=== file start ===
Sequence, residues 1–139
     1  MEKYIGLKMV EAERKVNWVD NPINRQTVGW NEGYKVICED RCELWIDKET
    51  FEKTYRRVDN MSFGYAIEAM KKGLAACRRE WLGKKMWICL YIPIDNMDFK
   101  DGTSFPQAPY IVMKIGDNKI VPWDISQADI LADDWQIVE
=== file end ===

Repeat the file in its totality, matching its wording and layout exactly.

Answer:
Sequence, residues 1–139
     1  MEKYIGLKMV EAERKVNWVD NPINRQTVGW NEGYKVICED RCELWIDKET
    51  FEKTYRRVDN MSFGYAIEAM KKGLAACRRE WLGKKMWICL YIPIDNMDFK
   101  DGTSFPQAPY IVMKIGDNKI VPWDISQADI LADDWQIVE